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Unnecessary Nudges and Necessary Deceptions


Theodore R. Marmor, Emeritus Professor of Public Policy and Management, Yale School of Management,

Joseph White, Luxenberg Family Professor of Public Policy, Case Western Reserve University

This interesting article by Anna Sinaiko and Richard Zeckhauser provides both useful data and some persuasive analysis, but its lessons may not be quite what Dr. Sinaiko and Professor Zeckhauser conclude.

On the one hand, the co-authors show how some common tropes in behavioural economics can be taken beyond their appropriate bounds.  On the other, the article illustrates the persistent effort to see the donkey of insurer choice as a beautiful unicorn: a splendid policy, if only the right choice architecture (here called “nudges”) could be created.  In this case the behavior is actually better than the authors claim, while the entire discussion fails to confront a basic paradox.

This study involves Medicare beneficiaries whose previous Medicare Advantage (MA) choices have been terminated (TCs).  They could choose a new MA plan, a separate Part D plan, or default to neither.  This latter default is very different from other health care choices for which the authors hope to draw lessons.  Defaulting to only traditional Medicare involves far less severe consequences than for example, not signing up for ACA coverage.  In the latter case people will have no insurance at all, and possibly pay a fine.

The pattern of visible and actual costs and benefits in this case is also quite different from the classic situations for which nudges have been recommended, such as default contributions to pension plans.  Default contribution is meant to reduce visibility of immediate loss of consumption, and compensate for the fact that if a person does not sign up for a 401(k), the future loss of retirement income is less visible.  In the situation studied in this article, however, beneficiaries chose an MA plan; its benefits were then taken away; so the issue is how they would respond to a visible loss of something they already made an effort to gain.  We doubt they should need an extra nudge in this situation.

In fact, they almost all do respond, but the article does not see that because it defines “not choosing” in a highly puzzling way: as not choosing an MA plan, instead of not choosing pharmaceutical coverage.

Beneficiaries may choose among MA or Part D plans with varying premiums, network restrictions, and benefit levels.  Table 2 shows that 15.4% of TCs from 2009 were in traditional Medicare in 2010.  But that does not mean they lost benefits.  Table 3 shows that only 20.6% of those did not choose a Part D plan.  Therefore, barely three percent of TCs in 2009 emerged with no drug benefit.  Why, then, should we worry about defaults in this case?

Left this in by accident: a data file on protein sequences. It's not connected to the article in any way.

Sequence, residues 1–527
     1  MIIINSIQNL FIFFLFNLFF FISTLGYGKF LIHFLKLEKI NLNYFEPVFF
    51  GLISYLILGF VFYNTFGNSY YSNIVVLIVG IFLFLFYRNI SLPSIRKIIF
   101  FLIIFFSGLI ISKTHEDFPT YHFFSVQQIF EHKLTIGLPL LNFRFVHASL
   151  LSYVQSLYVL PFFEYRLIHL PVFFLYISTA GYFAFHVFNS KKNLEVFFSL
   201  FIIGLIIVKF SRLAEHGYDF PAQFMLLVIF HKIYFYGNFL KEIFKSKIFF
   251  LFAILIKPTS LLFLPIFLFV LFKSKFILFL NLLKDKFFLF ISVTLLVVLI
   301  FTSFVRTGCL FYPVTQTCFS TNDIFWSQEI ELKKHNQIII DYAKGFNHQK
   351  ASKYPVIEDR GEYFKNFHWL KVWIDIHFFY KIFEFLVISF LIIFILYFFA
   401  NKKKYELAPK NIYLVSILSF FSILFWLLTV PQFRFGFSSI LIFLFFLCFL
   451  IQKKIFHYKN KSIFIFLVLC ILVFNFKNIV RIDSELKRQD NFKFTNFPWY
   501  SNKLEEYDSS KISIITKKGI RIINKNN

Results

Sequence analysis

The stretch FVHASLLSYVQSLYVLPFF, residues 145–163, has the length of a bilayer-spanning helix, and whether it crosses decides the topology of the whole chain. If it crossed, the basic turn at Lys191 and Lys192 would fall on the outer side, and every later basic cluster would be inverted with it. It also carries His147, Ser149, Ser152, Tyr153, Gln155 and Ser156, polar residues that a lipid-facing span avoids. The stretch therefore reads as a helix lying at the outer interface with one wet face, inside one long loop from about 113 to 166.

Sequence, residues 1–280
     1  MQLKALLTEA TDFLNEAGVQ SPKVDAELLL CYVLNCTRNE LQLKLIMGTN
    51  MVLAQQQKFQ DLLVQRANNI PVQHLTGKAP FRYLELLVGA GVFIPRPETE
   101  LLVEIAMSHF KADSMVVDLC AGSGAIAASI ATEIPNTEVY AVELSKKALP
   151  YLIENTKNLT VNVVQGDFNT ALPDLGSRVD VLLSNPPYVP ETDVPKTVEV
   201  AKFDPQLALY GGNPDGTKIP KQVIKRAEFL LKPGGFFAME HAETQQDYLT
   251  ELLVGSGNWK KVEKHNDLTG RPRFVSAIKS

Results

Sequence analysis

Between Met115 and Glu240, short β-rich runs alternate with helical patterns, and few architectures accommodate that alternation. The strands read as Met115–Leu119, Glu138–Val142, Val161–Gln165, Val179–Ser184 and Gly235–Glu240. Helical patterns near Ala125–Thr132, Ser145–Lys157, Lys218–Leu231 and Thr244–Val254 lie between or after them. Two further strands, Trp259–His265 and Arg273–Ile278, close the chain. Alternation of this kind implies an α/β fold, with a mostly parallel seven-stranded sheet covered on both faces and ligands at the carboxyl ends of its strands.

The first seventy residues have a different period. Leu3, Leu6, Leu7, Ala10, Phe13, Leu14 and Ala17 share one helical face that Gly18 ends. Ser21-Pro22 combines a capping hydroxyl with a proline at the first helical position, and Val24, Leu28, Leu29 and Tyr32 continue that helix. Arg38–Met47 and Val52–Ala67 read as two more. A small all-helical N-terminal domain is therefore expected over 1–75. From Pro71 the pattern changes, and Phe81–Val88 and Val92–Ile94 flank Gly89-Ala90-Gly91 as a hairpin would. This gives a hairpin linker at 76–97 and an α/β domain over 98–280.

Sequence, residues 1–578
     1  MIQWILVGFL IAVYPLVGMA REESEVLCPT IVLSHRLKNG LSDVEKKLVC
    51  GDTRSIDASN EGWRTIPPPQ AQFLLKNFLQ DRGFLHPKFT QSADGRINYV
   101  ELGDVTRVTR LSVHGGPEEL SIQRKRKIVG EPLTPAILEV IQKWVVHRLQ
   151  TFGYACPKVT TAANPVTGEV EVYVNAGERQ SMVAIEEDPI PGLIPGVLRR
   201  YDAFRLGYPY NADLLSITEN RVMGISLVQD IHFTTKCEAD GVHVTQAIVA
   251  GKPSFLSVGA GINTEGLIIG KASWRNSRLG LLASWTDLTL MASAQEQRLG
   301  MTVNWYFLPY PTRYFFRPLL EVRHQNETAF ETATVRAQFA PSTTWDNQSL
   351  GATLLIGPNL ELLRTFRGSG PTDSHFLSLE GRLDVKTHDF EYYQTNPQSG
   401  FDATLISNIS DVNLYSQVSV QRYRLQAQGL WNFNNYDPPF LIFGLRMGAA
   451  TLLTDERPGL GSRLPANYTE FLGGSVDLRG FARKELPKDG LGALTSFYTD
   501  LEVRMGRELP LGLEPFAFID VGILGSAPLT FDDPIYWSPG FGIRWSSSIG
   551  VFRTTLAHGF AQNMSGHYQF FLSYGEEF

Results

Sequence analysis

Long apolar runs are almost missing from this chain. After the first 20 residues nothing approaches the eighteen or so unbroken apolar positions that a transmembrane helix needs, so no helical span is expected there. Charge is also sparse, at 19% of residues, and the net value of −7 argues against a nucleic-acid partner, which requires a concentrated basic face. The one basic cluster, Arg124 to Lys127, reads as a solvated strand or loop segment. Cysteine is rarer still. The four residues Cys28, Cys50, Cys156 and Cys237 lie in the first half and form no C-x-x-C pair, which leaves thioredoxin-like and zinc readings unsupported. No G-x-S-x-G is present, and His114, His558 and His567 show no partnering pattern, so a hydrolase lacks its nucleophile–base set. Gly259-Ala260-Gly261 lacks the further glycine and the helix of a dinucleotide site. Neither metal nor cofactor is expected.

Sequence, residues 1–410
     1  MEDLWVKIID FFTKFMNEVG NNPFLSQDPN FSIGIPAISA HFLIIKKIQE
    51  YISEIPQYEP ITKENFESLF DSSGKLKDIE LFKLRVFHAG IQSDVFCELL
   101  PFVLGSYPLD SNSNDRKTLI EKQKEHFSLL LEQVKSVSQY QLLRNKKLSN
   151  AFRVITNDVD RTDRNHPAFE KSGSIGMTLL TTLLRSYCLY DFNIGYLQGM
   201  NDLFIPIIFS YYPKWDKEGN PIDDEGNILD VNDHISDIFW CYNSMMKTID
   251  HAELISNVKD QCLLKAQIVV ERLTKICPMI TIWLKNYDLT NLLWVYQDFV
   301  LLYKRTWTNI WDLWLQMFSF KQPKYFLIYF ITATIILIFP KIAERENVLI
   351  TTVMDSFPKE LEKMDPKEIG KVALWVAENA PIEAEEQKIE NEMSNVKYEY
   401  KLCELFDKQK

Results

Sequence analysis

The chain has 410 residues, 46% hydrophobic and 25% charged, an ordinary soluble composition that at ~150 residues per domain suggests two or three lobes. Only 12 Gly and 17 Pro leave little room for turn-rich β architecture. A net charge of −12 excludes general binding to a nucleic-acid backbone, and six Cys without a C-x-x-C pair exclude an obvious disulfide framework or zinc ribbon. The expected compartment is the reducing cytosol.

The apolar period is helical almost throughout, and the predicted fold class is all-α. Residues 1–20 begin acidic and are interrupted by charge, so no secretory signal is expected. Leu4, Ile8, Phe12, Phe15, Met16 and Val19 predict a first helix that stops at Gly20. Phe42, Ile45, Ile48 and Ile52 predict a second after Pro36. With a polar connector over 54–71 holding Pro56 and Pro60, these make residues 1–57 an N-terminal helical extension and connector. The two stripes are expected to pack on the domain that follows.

The article presumes that people who wanted an MA plan before must want one now.  Yet the experience of enrolling in a plan with enough problems to be cancelled may have changed enrollees’ preferences.  Table 2 provides some evidence that TCs did have negative experiences with HMOs.  In 2006 65% of MA enrollees were in HMOs (Gold et al. 2010).  The table shows that only 52.4% of enrollees who had chosen an HMO before chose a new HMO for 2010.  In short, leaving MA could be a choice based on experience.  If so, imposing a version of the previous choice as a default would be paternalistic even by the usual standards of nudging.

The authors deserve praise for including network concerns in their effort to craft a better default.  Considering the importance of networks to enrollees (especially the elderly), a “most comparable” plan should have a comparable network.  We have to wonder, however, if the authorities will ever have sufficiently reliable network data for accurate comparison.  In our experience, the plans themselves often lack up-to-date information.  The needed database may not be another policy unicorn, but we would not count on that.

In any event, with only 3 percent actually “doing nothing,” we think the study shows that default is a minor concern compared to other MA problems.  The theoretical implication for behavioural economics is that there are situations in which the arguments for directive nudges do not apply.

For the choice among Part D and MA plans, there is better reason to worry about risk-selection, risk-exaggeration, and network adequacy.  We are struck, however, by the article’s unexamined assumptions about choice of insurers.

Arguments for choice presume that consumers should choose plans that offer them the most value.  If everyone does that, each plan will get the most expensive possible enrollees.  That pattern is normally called adverse selection, and a threat to stable insurance markets.

How, then, can insurance markets survive informed choice?

In practice, insurers make choice difficult, so less informed, by proliferating options – as in Part D.  Even high income and presumably sophisticated choosers then often make objectively wrong (“dominated”) choices (Bhargava et al. 2015).  Limiting adverse selection, in short, may depend on poor choices and deception.

Perhaps behavioural economists could study the conditions that yield more or less stable equilibria of deceptions on one side and mistakes on the other.

The full article by Anna Sinaiko and Richard Zeckhauser in the third issue of the journal can be read online here


Bhargava S, Loewenstein G and Sydnor J.  “Do Individuals Make Sensible Health Insurance Decisions?  Evidence From a Menu With Dominated Options.”  National Bureau of Economic Research Working Paper 21160, May 2015.

Gold M, Phelps D, Jacobson G and Neuman G.  “Medicare Advantage 2010 Data Spotlight: Plan Enrollment Patterns and Trends.”  Kaiser Family Foundation, June 2010.

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